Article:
Sunday, July 21, 2013


The envelope arrived. One that has been anxiously awaited for over a month.

"It gives me great pleasure to offer you unconditional admission to the Niehoff School of Nursing of Loyola University Chicago."

That's right, I was accepted to graduate school. 

Let me take a moment to do a happy dance.

After deciding to "settle back in" to life here in La Crosse, I did some soul searching in anticipation of needing to re-direct my career path given my back injury. Many jobs in nursing require a master's degree, especially those that would accommodate my restrictions. Lots of nurses decide to get their master's and become a nurse practitioner, a career which never appealed to me. Others obtain their master's to teach at the collegiate level, with the intent to later pursue a PhD. With the few years of experience as a nurse I had under my belt, teaching, although an eventual goal of mine, wasn't realistic at this point. Where did that leave me? What type of degree would I get? What job would make me happy?

The Clinical Nurse Specialist.

What do they do? According to the APRN:

"Key elements of CNS practice are to create environments through mentoring and (p. 8) system changes that empower nurses to develop caring, evidence-based practices to alleviate patient distress, facilitate ethical decision-making, and respond to diversity. The CNS is responsible and accountable for diagnosis and treatment of health/illness states, disease management, health promotion, and prevention of illness and risk behaviors among individuals, families, groups, and communities."
In essence, the CNS is a jack of all trades and works across the entire continuum of care. A perfect fit for someone with my background. Most CNS programs are geared toward the general. Critical care, adult care or pediatrics are the most common CNS specialties. Nurses then graduate and try to obtain jobs in the exact specialty they desire (i.e. pediatric surgery, cardiac care, geriatric care, ect).  The program at Loyola is geared specifically toward the oncology population and is one of the only of its kind. As I have said many times before, oncology patients are my favorite and one that I feel passionate about.  I will be taking courses in genetics, cancer biology, and research. And, yes, I'm excited about them; a trait the program director said makes me a perfect fit for the program.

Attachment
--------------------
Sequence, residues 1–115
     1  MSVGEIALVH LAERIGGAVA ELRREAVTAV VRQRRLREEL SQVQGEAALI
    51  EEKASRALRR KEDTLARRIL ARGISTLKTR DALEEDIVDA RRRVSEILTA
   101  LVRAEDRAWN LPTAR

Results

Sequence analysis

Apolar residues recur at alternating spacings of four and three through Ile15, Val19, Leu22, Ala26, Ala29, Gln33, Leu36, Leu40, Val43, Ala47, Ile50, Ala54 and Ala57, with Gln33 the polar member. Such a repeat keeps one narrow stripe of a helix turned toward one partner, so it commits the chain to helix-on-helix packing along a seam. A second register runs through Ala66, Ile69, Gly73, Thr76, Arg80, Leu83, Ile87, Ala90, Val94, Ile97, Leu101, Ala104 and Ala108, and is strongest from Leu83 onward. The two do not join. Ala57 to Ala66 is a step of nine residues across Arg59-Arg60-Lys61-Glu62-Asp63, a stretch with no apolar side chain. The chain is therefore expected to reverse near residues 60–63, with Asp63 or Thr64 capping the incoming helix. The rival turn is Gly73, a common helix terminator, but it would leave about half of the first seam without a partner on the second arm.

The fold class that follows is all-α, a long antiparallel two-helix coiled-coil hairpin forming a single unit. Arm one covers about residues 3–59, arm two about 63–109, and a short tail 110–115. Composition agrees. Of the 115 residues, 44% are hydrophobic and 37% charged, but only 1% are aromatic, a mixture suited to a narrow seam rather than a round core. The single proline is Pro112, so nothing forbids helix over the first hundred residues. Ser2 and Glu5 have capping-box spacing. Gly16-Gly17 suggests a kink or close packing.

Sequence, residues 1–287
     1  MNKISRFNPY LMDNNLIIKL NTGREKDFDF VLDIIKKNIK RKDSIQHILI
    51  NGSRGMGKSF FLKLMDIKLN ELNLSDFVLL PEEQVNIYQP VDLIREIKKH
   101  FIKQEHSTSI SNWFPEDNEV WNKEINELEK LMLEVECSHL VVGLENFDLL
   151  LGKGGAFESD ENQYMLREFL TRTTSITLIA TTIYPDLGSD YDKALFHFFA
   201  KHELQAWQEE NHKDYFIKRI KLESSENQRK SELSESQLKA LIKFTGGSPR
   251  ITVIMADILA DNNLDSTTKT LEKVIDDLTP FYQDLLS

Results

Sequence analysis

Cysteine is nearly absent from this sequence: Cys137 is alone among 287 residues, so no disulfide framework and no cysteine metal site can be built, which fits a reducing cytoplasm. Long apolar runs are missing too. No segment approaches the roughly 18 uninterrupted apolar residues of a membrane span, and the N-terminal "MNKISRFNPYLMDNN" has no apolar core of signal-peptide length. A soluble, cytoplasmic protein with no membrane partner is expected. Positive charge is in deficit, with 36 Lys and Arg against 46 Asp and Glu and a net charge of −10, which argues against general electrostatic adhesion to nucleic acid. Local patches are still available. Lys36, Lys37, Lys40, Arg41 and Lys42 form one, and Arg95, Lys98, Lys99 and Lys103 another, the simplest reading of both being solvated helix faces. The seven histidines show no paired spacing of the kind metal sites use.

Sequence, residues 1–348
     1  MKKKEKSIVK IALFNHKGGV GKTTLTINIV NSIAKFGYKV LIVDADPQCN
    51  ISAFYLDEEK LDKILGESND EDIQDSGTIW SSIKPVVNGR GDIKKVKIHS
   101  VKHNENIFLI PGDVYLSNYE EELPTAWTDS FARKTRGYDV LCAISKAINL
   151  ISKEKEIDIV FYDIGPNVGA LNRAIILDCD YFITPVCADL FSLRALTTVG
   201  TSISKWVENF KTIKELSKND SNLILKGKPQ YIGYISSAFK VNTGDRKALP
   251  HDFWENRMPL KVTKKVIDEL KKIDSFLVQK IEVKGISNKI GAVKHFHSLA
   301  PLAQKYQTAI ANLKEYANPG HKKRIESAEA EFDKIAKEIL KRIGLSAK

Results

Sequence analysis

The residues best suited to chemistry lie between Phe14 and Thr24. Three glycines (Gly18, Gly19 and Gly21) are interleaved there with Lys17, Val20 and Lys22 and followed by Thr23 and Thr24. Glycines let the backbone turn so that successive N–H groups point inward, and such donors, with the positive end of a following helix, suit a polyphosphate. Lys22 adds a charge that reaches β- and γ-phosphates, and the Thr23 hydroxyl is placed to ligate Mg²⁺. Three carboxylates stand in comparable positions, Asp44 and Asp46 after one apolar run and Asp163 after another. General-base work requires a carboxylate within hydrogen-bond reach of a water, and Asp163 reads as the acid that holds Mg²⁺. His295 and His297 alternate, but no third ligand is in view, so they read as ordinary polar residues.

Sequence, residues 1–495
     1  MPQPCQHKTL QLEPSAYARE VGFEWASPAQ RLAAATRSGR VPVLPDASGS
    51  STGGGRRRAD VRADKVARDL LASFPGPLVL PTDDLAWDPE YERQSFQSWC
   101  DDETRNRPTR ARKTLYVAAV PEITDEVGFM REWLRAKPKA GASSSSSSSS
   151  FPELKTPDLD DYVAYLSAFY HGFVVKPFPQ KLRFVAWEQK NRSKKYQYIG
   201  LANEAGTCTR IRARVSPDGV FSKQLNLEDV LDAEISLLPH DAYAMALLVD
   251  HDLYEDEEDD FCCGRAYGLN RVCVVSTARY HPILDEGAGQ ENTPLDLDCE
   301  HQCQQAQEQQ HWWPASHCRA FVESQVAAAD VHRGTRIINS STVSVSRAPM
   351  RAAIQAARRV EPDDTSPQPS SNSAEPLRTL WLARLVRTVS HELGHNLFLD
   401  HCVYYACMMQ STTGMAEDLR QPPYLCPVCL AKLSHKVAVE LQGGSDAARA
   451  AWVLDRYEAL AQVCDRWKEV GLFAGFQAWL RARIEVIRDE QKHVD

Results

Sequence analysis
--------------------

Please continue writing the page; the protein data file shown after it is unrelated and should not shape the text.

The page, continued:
I will be registering for classes this week and starting my first term in August. I'm excited and slightly nervous about being back in school. It will take about 3 years to complete the program as a part-time student. After I graduate, the world of possibility expands and who knows where it will take me. I'm jumping in with both feet. The last jump I made into the unknown turned out pretty well.


  1. Hi, I'm Mario. I'm working on a site for healthcare professionals like yourself and would love to speak with you. Please email me when you have a chance, thanks!

  2. Hi Mario. Thanks for checking out the blog! I'm more than willing to discuss it with you, however, I don't give out my personal email. If you would like to give me more details about the information you are looking for, you can leave it as a comment here. Thanks!